Asteroid close encounter tomorrow night!


25 Responses to “Asteroid close encounter tomorrow night!”

  1. chellberty says:

    Question “would they tell us if it really was going to hit?” Melancholia anyone?

    • Lobster says:

      They would, and I have evidence to suggest they’ve given similar warnings before past disasters.  Perhaps the most compelling case being the -*crushed by asteroid*

  2. Hmm… I don’t think people from my part of the world would be able to see it though.

  3. theophrastvs says:

    (dammit) ‘they’ should arrange to orbitally capture these proximal trespassers (a) for practice, (b) to use as base for all sorts of cool scientifical investigations and, (c) for its solid diamondium chewy nougat center.  and like, what’s the worst that could possibly happen?

  4. irksome says:

    “Ain’t no luck; I learned to duck.”

  5. LinkMan says:

    If only Pierce Brosnan hadn’t destroyed the Arecibo telescope back in 1995…

  6. Brainspore says:

    …a 1,300 foot asteroid, about the size of an aircraft carrier…

    Are we absolutely sure it’s NOT an aircraft carrier? Maybe the USS Nimitz got sucked into another one of those spacetime vortex thingies.

  7. CSBD says:

    Very similar to the Hammer Fall… I wounder if Tim Hamner is watching this?

  8. stayzuplate says:

    The future better not turn out like some stupid Michael Bay movie!

  9. planettom says:

    That one in 2028 though isn’t coming as close as originally thought:  It’s now projected to be 2.4 times the distance from the Earth to the Moon.   Asteroid (35396) 1997 XF11

    Of course, the impressive one is Apophis in 2029, which is going to come closer than geosynchronous satellites orbit.   Within spittin’ distance, and supposedly will be visible to the naked eye.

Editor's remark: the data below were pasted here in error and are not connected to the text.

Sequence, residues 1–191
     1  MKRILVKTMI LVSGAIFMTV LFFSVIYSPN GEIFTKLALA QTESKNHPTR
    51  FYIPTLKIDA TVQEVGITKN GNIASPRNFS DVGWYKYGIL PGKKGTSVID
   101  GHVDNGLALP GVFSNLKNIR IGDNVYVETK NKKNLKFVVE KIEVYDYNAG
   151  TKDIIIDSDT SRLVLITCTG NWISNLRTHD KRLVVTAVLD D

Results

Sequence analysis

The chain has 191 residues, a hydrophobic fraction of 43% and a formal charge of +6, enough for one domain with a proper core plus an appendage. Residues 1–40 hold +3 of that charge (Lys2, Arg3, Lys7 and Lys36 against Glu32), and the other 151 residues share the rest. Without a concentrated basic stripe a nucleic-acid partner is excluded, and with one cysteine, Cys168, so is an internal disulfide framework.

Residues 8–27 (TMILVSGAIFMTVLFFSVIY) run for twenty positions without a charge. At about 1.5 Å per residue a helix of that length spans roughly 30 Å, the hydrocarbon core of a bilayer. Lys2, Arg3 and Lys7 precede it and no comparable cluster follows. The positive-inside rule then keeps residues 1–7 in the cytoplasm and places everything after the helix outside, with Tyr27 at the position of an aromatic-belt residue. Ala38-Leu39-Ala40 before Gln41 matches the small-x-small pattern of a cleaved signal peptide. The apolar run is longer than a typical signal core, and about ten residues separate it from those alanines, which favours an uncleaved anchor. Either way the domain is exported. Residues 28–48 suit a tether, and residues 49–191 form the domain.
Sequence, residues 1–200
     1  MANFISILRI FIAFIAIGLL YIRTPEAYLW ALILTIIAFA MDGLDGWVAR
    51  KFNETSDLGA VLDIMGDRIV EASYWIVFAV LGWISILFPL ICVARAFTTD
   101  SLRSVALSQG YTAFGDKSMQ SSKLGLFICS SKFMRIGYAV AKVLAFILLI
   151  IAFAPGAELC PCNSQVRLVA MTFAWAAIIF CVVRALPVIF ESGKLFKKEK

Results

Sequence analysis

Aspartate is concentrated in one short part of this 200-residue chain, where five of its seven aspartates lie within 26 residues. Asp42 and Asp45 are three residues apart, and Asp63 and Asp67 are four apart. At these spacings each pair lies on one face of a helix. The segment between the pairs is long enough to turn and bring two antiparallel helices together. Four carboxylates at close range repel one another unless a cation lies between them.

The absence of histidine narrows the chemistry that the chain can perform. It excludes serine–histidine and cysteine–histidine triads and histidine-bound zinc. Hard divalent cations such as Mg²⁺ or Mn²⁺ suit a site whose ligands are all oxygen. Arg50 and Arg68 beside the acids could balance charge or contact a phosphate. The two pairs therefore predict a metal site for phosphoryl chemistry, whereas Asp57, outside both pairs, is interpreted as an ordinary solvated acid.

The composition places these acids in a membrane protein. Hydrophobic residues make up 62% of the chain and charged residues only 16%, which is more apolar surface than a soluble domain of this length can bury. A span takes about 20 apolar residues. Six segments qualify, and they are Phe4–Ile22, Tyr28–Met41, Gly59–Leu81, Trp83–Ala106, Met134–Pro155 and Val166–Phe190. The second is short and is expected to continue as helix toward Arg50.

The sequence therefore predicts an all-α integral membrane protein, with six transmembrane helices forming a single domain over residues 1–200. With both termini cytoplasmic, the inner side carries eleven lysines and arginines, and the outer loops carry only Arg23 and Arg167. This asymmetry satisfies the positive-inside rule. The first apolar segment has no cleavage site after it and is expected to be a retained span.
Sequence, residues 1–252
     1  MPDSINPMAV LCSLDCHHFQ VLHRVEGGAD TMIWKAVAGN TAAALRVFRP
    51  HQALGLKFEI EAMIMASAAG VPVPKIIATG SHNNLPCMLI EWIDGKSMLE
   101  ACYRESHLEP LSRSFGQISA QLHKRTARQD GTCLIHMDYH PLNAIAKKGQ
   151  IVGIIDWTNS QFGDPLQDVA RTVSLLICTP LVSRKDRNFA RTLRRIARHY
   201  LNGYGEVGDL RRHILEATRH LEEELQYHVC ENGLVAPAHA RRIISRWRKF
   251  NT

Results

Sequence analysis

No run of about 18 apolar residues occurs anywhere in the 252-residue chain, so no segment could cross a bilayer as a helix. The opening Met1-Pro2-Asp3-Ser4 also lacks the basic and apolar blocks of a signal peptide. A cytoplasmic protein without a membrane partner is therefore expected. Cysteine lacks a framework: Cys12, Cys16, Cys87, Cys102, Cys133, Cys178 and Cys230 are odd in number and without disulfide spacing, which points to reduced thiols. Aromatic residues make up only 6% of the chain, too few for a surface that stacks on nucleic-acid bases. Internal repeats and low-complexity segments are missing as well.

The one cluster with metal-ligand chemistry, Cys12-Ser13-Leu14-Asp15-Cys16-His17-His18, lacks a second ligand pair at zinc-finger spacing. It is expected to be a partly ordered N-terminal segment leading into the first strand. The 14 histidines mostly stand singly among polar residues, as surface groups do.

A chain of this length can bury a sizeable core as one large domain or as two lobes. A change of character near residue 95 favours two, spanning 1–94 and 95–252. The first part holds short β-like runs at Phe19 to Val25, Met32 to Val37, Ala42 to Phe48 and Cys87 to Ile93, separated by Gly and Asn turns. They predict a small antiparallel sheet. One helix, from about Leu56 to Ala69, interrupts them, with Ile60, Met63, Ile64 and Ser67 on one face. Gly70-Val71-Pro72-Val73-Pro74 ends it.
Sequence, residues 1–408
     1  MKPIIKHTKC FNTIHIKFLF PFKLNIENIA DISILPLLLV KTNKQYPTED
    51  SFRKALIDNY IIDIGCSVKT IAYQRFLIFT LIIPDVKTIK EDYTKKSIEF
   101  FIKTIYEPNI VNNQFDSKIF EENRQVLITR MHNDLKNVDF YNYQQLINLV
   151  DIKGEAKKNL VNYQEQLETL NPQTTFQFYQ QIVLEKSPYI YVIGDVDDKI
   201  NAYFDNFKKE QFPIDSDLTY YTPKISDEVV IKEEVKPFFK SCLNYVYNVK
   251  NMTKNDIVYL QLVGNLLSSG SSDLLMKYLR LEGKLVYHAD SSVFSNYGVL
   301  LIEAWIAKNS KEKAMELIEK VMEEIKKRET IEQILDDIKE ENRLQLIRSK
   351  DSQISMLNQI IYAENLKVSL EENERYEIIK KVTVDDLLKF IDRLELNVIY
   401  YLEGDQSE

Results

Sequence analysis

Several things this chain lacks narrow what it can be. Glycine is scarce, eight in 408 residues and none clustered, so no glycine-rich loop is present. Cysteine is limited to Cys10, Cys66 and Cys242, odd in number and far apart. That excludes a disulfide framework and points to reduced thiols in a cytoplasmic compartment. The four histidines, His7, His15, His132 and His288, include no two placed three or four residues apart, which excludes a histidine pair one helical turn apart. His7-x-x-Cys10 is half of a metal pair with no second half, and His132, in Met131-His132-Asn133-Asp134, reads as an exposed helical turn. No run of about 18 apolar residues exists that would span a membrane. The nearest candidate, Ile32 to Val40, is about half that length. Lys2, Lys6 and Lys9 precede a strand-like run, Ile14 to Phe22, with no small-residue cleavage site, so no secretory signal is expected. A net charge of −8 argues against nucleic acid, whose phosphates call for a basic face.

10. MrBillWest says:

    Future famous last words: “Don’t worry, it won’t hit.”

  11. nosehat says:

    Either Boing Boing or my browser had a momentary glitch a little while ago, and the videos on the front page loaded in the wrong order for the posts.

    The one that loaded for this article was kind of an amusing coincidence:

    By the way, it’s back to normal now.

  12. Shibi_SF says:

    I guess this means that I won’t be able to see the asteroid with my Astroscan?  Usually we have too much low fog to see anything in the sky, but last night was so super clear.   I may have to just sit outside with the Astroscan and pretend that I can actually see YU55. 

  13. Felton / Moderator says:

    By my calculations, it came from somewhere in the vicinity of Klendathu.

  14. I’ve been trying to get the elements for this particular asteroid, with some amusing results. The first set put the asteroid on the opposite side of the Sun in a Hohmann like orbit between Earth and Mars (Rama anybody?). The next… well, cue Aerosmith. Probably my own software. Since I’ve had some problems doing so, I decided to see if anyone else managed to put up a nice track. While I’m still looking to see where I went wrong, here’s a nice plot setup by a fellow up in Duluth…
    Keep in mind that the asteroid is going to be close, so be sure to count on parallax. 
    If you actually plan on trying to find it.
    And good luck at that…

  15. Srsly, Give me a like if you agree that the US should take the lead in planetary asteroid defense.

    I wrote letters to both McCain and Obama about this in 2008 and at least got a form letter back form Obama

    We need to watch those asteroids and build a couple of plasma or ion powered interceptors in low Earth orbit.  And we need to start now!

    • Given the nature of the problem, I want anybody to have the lead, not just the US alone. This needs to be taken a bit more seriously. Remember, mass extinction is for everybody. 
      (Liking you for bringing it up!)

    • Guest says:

       And of course, the US can be trusted not to turn those sorts of things around 180 degrees? (or anyone, or any group for that matter).

  16. Cloudface says:

    Get ready for an air-kiss, Earth!

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